VICE PRESIDENT HATCHER:  I will just find out from Mr Maxwell.  So what's the issue here, Mr Maxwell?


MR MAXWELL:  The issue here, your Honour, is that in reading the MBA's submissions at paragraphs 15.1 to 15.3 they appear to seek a deletion in totality of clause 28, because under the National Building and Construction Industry Award - - -


VICE PRESIDENT HATCHER:  As distinct from just 28.1?  Anyway your concern is that the minimum wages in clause 28.1 not be displaced.


MR MAXWELL:  That's correct.


VICE PRESIDENT HATCHER:  All right.  Ms Sostarko, can you just deal with that issue.


MS SOSTARKO:  Yes, your Honour.


VICE PRESIDENT HATCHER:  That is the CFMEU is concerned that you are actually trying to get rid of the higher minimum trainee wages in clause 28.


MS SOSTARKO:  We are not seeking anything of that nature, we are simply seeking to be considered within the common issue matter and not be carved out of those considerations.  I think the relevant point quickly to make for your benefit here is that Mr Maxwell has proposed amendments to the common proposed model schedule - - -


VICE PRESIDENT HATCHER:  We will come to that, but just look at clause 28.


DEPUTY PRESIDENT HAMILTON:  What changes do you make as 28?


MS SOSTARKO:  That that clause be deleted.


VICE PRESIDENT HATCHER:  But that's with respect more than what is being considered by the other Full Bench, is it not?  They're simply considering a structural change to reduce the amount of pages.


MS SOSTARKO:  My apologies, your Honour, the existing clause be deleted and replaced with the reference as proposed by - - -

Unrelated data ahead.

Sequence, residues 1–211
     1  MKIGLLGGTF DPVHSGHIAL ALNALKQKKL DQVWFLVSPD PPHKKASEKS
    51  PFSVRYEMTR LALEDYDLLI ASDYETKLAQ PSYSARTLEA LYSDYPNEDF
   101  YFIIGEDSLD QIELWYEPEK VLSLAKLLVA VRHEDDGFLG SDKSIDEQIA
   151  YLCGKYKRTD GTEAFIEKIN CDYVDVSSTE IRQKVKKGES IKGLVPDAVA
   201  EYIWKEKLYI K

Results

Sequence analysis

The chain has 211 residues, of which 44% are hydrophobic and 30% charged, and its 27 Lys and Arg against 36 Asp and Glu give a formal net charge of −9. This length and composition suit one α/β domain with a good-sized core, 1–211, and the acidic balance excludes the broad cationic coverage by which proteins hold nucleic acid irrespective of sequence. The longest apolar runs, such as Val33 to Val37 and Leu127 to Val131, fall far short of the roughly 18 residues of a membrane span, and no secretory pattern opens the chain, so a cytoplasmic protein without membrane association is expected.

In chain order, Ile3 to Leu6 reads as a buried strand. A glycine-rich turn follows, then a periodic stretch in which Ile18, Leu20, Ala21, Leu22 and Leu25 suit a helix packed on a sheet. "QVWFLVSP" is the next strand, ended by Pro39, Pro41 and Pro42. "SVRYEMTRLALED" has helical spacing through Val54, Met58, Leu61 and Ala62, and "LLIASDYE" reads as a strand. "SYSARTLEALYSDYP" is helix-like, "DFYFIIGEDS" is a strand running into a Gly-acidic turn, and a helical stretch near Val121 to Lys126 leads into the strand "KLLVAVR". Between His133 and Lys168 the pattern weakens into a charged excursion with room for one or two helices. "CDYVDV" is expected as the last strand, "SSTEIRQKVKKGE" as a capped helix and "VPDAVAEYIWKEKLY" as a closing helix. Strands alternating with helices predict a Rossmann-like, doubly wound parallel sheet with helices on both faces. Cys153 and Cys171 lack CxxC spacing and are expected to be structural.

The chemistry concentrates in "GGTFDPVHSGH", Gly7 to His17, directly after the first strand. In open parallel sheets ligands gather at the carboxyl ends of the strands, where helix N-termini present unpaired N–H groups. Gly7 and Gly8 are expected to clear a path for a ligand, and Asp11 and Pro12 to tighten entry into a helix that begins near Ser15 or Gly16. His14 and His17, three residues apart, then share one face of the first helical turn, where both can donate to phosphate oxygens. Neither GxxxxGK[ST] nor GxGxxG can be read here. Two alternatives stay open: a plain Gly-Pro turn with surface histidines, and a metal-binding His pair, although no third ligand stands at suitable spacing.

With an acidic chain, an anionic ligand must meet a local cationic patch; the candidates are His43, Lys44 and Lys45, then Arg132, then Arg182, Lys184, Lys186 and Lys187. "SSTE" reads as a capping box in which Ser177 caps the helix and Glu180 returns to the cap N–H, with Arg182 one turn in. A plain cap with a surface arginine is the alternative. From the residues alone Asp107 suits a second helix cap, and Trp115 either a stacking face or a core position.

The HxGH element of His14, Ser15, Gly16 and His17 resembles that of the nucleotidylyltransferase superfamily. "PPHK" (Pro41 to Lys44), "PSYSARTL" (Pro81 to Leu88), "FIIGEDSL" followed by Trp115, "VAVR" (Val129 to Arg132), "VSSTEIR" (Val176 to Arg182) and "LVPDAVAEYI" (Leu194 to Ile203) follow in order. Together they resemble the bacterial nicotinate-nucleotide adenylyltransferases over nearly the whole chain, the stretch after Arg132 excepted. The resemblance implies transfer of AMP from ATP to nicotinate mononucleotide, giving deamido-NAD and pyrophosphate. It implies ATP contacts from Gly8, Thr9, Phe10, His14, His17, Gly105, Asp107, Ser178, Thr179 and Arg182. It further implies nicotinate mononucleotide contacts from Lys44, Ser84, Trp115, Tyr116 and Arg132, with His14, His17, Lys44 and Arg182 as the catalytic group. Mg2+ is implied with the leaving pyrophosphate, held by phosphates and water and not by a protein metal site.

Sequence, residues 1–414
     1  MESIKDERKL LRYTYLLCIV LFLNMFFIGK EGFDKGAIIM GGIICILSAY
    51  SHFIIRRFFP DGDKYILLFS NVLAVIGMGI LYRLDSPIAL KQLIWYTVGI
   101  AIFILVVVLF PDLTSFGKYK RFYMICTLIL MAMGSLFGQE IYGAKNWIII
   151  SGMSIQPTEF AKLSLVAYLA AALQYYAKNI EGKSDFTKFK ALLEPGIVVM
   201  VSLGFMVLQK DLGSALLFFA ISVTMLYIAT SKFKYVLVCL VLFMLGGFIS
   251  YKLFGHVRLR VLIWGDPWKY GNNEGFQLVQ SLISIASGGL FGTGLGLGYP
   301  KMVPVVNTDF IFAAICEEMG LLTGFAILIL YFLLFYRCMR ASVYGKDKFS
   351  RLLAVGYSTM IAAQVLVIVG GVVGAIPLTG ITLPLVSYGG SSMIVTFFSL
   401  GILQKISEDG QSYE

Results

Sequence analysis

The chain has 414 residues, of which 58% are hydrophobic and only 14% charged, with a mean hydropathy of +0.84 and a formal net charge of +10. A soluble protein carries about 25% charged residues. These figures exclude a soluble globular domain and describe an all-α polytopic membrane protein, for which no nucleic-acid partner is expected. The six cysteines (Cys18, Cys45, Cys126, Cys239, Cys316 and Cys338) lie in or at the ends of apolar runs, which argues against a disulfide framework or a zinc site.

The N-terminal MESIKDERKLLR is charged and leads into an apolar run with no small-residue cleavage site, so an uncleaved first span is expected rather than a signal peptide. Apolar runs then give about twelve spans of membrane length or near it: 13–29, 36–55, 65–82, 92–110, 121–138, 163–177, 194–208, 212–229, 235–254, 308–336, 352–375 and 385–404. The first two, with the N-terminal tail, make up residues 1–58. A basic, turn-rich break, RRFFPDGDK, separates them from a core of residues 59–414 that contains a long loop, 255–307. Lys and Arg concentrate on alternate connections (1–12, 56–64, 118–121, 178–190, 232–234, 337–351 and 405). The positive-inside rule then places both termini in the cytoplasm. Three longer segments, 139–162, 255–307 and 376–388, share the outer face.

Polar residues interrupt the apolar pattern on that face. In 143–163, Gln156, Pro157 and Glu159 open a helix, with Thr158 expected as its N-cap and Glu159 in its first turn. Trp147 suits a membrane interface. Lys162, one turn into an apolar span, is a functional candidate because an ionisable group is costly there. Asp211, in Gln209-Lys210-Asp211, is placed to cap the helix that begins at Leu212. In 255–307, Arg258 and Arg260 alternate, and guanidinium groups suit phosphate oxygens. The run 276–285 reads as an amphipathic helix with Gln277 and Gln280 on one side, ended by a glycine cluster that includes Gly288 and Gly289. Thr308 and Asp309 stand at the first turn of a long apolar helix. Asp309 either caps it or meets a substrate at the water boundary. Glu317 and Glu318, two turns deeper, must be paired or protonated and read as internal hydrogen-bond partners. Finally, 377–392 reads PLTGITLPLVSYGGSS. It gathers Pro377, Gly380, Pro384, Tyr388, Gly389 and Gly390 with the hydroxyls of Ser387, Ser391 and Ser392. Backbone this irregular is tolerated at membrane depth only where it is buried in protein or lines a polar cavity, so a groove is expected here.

VICE PRESIDENT HATCHER:  Yes, but what happens to these minimum wages?




MS SOSTARKO:  The revised schedule that has been put forward, the model schedule, which has been – the parties haven't been invited to put proposals forward on – then incorporates those provisions.


VICE PRESIDENT HATCHER:  Incorporates these higher wages?


MS SOSTARKO:  The higher wages?


VICE PRESIDENT HATCHER:  These wages in 28.2 and 28.3.


DEPUTY PRESIDENT HAMILTON:  It couldn't because the training rate schedule applies to everybody in schedule C and sets rates for everybody in schedule C, doesn't it?  It has been a while since I have looked at it.  So if you raise everybody in schedule C to these new rates it will go across the economy which is obviously not intended.


MS SOSTARKO:  If I could take that question on notice I would like to consider that question in more detail.


VICE PRESIDENT HATCHER:  I think this is the issue, Ms Sostarko, that the CFMEU are saying that – perhaps I am putting this more baldly than they have, that this is a back door way to get rid of the trainee minimum wages in 28.  I just want to make it clear, is that right or is that wrong?  I mean if it's not we can forget about it.


MS SOSTARKO:  I think I will ask Mr Schmitke to answer this question if you don't mind, your Honour.